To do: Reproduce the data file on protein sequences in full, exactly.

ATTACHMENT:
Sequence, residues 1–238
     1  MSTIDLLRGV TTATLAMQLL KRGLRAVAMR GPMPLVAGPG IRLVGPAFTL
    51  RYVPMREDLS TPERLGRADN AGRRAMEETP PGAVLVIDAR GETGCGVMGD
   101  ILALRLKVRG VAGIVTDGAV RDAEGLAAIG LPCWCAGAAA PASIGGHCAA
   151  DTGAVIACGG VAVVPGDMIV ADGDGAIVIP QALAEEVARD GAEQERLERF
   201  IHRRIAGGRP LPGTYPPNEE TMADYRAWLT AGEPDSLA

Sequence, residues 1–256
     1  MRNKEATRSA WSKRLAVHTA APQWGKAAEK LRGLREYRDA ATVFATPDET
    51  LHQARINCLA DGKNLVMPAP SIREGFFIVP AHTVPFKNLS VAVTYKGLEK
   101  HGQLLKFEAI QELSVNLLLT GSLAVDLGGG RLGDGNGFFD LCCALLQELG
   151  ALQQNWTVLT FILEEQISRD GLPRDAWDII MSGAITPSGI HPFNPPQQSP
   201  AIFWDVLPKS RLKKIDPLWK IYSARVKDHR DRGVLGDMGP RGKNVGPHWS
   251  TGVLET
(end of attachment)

Sequence, residues 1–238
     1  MSTIDLLRGV TTATLAMQLL KRGLRAVAMR GPMPLVAGPG IRLVGPAFTL
    51  RYVPMREDLS TPERLGRADN AGRRAMEETP PGAVLVIDAR GETGCGVMGD
   101  ILALRLKVRG VAGIVTDGAV RDAEGLAAIG LPCWCAGAAA PASIGGHCAA
   151  DTGAVIACGG VAVVPGDMIV ADGDGAIVIP QALAEEVARD GAEQERLERF
   201  IHRRIAGGRP LPGTYPPNEE TMADYRAWLT AGEPDSLA

Sequence, residues 1–256
     1  MRNKEATRSA WSKRLAVHTA APQWGKAAEK LRGLREYRDA ATVFATPDET
    51  LHQARINCLA DGKNLVMPAP SIREGFFIVP AHTVPFKNLS VAVTYKGLEK
   101  HGQLLKFEAI QELSVNLLLT GSLAVDLGGG RLGDGNGFFD LCCALLQELG
   151  ALQQNWTVLT FILEEQISRD GLPRDAWDII MSGAITPSGI HPFNPPQQSP
   201  AIFWDVLPKS RLKKIDPLWK IYSARVKDHR DRGVLGDMGP RGKNVGPHWS
   251  TGVLET